•        Licence Fees The Business Registration Fee (BRF), currently HK$ 2,450(HKD450 in 08-09), is due and payable within one month of the date of incorporation and then annually on the anniversary of the first payment.
•        A Hong Kong company must keep accounting records, which may be kept at the registered office address or elsewhere at the discretion of the directors. Every company must appoint an auditor who must be a member of the Hong Kong Society of Accountants and hold a practicing certificate. Although there is no requirement to file accounts with the Registrar, there is a requirement to file accounts with the tax authorities.
•        The minimum number of directors is ONE, who may be natural persons or bodies corporate. They may be of any nationality, and need not be resident in Hong Kong.
•        A Hong Kong company must appoint a company secretary, who may be a natural person or a body corporate, but the company secretary must be resident in Hong Kong.
•        The minimum number of shareholders is one.


our services

our services
Audit and assurance
Business recovery and restructuring
Business risk assurance and Sarbanes Oxley Compliance
Corporate finance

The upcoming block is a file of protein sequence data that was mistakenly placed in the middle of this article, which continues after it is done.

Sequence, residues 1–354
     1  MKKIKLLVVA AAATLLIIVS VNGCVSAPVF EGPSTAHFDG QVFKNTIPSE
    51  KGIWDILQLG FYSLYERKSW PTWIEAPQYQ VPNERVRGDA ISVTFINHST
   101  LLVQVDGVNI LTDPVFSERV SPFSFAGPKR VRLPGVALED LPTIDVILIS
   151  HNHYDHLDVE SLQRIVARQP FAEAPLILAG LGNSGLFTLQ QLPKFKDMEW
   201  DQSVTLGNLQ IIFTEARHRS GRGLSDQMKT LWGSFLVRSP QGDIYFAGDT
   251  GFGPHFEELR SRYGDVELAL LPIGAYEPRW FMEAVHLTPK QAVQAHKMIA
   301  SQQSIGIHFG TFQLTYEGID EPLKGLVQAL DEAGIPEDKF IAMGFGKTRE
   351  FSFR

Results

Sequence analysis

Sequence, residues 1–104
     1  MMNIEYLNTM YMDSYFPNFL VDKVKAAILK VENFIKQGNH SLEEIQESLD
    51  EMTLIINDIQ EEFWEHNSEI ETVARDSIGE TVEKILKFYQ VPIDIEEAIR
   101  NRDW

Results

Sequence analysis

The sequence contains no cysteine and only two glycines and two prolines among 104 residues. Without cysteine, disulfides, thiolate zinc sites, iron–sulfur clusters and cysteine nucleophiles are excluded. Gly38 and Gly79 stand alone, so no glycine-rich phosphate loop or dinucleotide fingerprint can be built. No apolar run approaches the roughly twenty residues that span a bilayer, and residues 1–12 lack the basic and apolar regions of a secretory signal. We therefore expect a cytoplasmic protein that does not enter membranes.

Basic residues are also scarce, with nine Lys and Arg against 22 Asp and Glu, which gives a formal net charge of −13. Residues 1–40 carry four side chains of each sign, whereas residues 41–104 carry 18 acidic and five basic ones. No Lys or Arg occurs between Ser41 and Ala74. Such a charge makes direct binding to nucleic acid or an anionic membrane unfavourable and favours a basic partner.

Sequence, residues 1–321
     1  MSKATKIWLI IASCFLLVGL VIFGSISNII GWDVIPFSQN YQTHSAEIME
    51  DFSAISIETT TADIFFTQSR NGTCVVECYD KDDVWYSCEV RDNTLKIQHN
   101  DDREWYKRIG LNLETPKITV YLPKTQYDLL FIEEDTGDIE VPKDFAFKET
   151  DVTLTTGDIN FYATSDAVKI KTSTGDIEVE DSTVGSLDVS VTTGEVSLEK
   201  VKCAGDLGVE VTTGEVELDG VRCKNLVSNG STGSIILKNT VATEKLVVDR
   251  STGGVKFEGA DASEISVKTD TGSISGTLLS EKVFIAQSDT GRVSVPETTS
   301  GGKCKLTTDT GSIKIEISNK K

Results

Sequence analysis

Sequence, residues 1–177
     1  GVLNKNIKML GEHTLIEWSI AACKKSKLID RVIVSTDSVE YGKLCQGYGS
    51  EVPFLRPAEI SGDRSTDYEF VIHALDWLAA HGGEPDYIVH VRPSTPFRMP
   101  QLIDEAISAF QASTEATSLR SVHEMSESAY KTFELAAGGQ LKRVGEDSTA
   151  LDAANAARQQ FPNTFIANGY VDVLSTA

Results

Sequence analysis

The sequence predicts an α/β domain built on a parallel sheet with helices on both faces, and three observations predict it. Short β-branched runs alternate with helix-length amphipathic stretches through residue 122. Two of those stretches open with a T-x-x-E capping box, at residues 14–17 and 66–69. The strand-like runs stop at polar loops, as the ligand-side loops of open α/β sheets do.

Forensic accounting, business intelligence and investigation
Human resources and related advisory services
Litigation support
Reporting accountants for Initial Public Offerings
Taxation structuring in Hong Kong and Mainland China
U.S. Individual Income Tax Filing

  Preparing Profits Tax Computation

We will help your company to obtain the maximum tax benefits and allowances.

Completing Profits Tax Return (Form BIR 51)

A taxpayer who files an “incorrect return” - by omitting or understating anything which the Inland Revenue Ordinance requires to be stated - without “reasonable excuses” commits an offence. The Commissioner of the Inland Revenue Department has the power to levy an assessment of additional tax or prosecuting the taxpayer for such offence.

We help you and your company to prepare and submit a correct return promptly.  

Applying for extension

The IRD requires tax returns to be completed and enquiries answered within a specific period of time, usually from 21 days to 3 months. Late return or reply may be subject to a fine or estimated assessment.

We may apply for a further extension in the capacity of your tax representatives in some cases and advise you on how to deal with some of the IRD’s enquiries.

Objection to assessment